There are several tests you can perform on your CNC machine.  In this post I will concentrate on a positional accuracy test. 


Accuracy can best be described as the ability to place your machine at a particular position. I recommend using this test when first constructing a new CNC or mill and later after tuning.  This will give you a set of benchmarks for trouble shooting problems later.

You will need a the following:



Digital Dial Indicators

This one was purchased from Harbor Freight, but you can find them on amazon.

I highly recommend this digital indicator

I highly recommend this digital indicator


I started using this dial indicator and got much better results.  I shaved off .001" inaccuracy in most readings. I suspect the reason was the Harbor Freight unit sticks a little when you try to use the full 1" of range.

I purchased this unit (Accuremote) off Amazon when I was doing my 3D printer series.  I used it to level the bed on the Rostock Max 3D printer and it worked perfectly.

It works even better in this application.

Test Indicator Base

While any base will work I prefer the test indicator bases, like the one shown here.



Scrap Steel

You need a heavy piece of steel to hold your indicator. It needs to be heavy enough to stay in position as the machine takes it through its range.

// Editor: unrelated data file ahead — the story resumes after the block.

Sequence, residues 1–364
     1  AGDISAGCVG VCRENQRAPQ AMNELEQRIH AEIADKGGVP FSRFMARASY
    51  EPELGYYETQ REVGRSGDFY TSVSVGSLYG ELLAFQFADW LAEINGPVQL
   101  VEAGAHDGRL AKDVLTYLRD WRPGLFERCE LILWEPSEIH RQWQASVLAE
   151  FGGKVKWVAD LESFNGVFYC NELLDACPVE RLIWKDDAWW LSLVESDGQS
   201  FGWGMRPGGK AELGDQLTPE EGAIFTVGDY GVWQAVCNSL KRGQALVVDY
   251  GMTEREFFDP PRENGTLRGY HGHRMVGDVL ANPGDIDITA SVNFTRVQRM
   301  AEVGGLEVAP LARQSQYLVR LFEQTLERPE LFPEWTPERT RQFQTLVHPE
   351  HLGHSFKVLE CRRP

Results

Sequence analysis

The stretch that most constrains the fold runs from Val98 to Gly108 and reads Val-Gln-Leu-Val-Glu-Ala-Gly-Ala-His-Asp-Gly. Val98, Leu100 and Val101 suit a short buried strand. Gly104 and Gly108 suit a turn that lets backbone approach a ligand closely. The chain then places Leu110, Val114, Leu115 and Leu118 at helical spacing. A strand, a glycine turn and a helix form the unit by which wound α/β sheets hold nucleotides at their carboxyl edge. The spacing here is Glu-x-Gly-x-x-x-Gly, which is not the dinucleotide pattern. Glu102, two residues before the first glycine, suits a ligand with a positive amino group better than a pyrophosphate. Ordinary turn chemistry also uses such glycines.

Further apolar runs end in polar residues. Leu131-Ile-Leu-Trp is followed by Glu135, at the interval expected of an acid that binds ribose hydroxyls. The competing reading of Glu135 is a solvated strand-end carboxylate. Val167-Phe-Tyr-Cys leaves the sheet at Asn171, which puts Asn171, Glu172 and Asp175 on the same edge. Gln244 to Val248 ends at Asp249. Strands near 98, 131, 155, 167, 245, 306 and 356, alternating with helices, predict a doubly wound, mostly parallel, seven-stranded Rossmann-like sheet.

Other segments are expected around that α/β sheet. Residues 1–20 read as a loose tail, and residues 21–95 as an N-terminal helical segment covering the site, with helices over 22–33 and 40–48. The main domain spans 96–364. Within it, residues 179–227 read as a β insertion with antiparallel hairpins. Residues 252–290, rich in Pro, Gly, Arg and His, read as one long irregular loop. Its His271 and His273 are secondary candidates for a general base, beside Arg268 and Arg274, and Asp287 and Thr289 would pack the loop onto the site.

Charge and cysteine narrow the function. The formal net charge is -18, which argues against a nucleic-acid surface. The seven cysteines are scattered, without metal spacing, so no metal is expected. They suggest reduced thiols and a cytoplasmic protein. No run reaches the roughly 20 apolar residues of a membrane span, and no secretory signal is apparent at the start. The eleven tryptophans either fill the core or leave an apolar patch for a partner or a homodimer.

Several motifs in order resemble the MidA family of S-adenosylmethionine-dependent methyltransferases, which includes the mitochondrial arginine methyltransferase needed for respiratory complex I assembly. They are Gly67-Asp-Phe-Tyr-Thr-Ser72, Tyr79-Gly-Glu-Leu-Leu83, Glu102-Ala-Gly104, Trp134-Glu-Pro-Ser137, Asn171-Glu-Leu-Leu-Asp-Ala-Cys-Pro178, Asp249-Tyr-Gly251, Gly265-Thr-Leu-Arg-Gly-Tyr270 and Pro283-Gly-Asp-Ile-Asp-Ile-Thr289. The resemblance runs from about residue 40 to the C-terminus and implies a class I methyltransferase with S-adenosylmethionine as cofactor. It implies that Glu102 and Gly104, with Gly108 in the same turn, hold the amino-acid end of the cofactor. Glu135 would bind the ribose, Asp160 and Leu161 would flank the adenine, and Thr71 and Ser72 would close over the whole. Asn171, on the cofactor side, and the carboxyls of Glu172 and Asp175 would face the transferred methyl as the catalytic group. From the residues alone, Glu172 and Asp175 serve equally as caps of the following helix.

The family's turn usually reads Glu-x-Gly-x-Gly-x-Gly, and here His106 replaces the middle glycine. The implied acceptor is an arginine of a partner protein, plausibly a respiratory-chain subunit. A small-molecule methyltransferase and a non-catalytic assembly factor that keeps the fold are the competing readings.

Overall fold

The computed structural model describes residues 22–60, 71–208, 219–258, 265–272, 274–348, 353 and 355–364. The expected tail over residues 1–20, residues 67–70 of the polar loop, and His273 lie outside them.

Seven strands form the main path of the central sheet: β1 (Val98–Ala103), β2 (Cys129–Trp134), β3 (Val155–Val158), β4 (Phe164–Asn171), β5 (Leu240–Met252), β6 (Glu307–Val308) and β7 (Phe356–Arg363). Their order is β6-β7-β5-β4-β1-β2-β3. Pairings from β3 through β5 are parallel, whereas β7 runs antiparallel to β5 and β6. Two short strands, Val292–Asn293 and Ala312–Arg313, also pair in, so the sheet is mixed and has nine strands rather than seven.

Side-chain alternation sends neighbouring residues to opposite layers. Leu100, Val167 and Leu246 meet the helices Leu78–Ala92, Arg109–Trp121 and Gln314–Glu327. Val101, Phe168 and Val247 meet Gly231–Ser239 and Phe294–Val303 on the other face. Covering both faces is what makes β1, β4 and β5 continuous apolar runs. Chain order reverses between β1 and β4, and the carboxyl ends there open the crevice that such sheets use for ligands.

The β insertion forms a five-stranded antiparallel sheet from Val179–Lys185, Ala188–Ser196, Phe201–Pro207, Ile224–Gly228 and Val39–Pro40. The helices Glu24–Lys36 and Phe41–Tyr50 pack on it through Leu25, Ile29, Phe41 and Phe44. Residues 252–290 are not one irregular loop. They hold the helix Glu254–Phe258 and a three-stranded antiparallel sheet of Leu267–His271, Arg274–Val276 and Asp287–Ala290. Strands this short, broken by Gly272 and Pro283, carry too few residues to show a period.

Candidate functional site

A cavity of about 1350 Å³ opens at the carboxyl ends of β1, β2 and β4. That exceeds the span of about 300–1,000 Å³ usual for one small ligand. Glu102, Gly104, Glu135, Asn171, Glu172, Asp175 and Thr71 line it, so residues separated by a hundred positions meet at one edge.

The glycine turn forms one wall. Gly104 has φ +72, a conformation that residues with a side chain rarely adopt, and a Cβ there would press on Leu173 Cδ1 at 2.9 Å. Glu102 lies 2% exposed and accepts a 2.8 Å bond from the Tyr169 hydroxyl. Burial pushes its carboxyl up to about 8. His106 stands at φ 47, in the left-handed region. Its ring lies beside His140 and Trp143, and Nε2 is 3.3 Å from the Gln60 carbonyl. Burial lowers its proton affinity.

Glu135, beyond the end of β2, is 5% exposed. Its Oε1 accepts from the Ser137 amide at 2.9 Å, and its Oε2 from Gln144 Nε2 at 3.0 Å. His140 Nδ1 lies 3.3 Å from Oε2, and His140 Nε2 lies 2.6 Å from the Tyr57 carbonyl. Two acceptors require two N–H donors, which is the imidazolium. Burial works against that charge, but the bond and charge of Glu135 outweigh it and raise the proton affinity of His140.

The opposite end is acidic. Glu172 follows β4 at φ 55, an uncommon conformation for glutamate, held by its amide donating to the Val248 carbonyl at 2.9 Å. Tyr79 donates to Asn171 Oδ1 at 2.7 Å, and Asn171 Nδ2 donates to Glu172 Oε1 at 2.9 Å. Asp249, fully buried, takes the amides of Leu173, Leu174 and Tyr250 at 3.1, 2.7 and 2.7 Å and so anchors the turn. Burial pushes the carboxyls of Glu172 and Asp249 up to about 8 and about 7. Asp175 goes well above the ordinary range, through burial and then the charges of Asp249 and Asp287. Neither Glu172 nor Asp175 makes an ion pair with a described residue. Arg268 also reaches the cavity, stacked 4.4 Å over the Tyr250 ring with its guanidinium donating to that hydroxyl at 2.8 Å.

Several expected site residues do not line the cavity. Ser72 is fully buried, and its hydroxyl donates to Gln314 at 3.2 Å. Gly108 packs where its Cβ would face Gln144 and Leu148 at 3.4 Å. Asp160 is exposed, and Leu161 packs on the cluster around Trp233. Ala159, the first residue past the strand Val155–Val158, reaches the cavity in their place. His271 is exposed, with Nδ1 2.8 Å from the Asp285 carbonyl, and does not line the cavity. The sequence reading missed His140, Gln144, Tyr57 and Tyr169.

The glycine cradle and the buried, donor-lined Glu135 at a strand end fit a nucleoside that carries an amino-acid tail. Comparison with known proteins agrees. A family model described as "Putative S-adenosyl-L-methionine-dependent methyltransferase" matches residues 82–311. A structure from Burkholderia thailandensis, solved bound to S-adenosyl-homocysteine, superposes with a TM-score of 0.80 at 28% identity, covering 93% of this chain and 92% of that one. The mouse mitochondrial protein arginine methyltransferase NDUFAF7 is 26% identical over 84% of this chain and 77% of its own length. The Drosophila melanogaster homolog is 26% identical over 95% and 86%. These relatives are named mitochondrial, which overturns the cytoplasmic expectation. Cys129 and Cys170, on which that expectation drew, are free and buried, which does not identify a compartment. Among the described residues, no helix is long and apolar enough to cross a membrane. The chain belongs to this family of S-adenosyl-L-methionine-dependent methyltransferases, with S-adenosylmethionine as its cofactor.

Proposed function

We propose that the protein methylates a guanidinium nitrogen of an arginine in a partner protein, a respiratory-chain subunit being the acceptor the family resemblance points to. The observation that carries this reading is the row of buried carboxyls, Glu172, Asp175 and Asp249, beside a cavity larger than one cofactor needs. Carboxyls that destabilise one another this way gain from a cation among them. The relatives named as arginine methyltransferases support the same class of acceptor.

Test Procedure

The test procedure is simple. Back the machine up against the indicator fully depressing it then back it out about 1/32", Zero the meter then run it out a full 1". Write down the reading the push the meter against the machine until it reads zero (or very close) then run machine out another inch". Write the reading and repeat.

Here is a quick video showing the results on one of my machines.



Your readings should be better than the mechanical resolution of your machine.  The mechanical resolution is your Steps per Inch divided by the micro stepping. 

For example, this machine has 1909 steps per inch and is using a G540 with 1/10th micro stepping. So in this case we don't want a reading of more than 1 mechanical step or .0052".


Results using first Meter

Reading of .997 

Subtract from 1 and you get .003

Reading of 1

Subtract from 1 and you get 0

Reading of.9975

Subtract from 1 and you get .0025

Results with Accuremote Meter

Reading of 1

Subtract from 1 and you get 0

Reading of .999

Subtract from 1 and you get .001

Reading of.9995

Subtract from 1 and you get .0005


You will want to take readings across your complete axis on both X and Y.  If you find some that are more than .005", repeat to make sure. If it is still high, its possible you have a worn pinion or rack. It could even be buildup on the rack or pinion.  In an extreme case it could be a damaged rail. 


Keep in Mind

This test does not measure backlash, or runout. Both of which can bring the accuracy of your machine down.